Bridge

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The Independent Culture
ONE OF the old adages, "Play the card that you are known to hold", rarely has any exceptions. On this deal East would have been well advised to have done just that, but he could see absolutely no advantage in so doing. As a result declarer was able to profit in a way which, to be fair, it was difficult to have foreseen.

South opened One Club and North temporised with One Diamond. East joined in with a firm bid of Four hearts and, after two passes, North felt bound to show his club support, albeit at the Five level. This left West with something of a problem but he judged well to pass, for Five Hearts would have cost 500 points. (Yes, all right, 800 if South had made the unlikely start of a diamond or a low club and North had switched to spades.)

West led !3 against Five Clubs and, after winning with his queen, East switched to #K on which West signalled with his jack.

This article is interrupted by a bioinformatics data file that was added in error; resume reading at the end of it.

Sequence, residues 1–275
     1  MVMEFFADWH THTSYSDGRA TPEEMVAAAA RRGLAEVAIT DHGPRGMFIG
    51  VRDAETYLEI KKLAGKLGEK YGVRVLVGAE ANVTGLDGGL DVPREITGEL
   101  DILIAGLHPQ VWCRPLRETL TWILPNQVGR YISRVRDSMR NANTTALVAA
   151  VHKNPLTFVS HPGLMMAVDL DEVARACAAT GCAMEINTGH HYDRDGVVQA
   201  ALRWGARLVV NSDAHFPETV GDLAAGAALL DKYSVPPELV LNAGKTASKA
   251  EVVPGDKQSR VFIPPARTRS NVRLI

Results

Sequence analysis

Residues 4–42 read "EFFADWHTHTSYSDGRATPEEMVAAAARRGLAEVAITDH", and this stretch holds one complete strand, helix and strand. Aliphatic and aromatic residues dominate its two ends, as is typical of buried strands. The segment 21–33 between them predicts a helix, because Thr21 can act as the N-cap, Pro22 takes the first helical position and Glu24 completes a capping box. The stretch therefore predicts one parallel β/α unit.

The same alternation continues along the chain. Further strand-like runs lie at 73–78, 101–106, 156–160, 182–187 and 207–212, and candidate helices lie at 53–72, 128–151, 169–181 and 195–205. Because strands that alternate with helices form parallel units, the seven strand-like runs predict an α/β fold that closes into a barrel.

It looked as though there would be two diamonds to lose as well as the heart, but declarer spotted the possibility of finding the diamonds blocked. So he won #K with his ace and immediately finessed 4Q successfully. Then he cashed 4A and ruffed a spade. East, although marked with 4K, could see no point in playing it and followed with 4J. A club to the ace drew trumps and declarer ruffed his last spade. Now, when he got off lead with a diamond, East had to win and concede a ruff and discard.

Can you see what might have happened if 4K had fallen on the third round? Declarer (perhaps playing East for a 3-7-2-1 distribution) might be reluctant to ruff his last spade in dummy in case East was able to discard his blocking #Q! And, if the fourth spade is not ruffed, East has a safe exit with 4J when he is thrown in with #Q.

East-West game; dealer South

North

46 3

!5

#A 7 4 2

2K J 9 8 6 3

West East

410 8 4 4K J 9 7

!J 9 7 3 2 !A K Q 8 6 4

#J 10 9 8 #K Q

25 22

South

4A Q 5 2

!10

#6 5 3

2A Q 10 7 4

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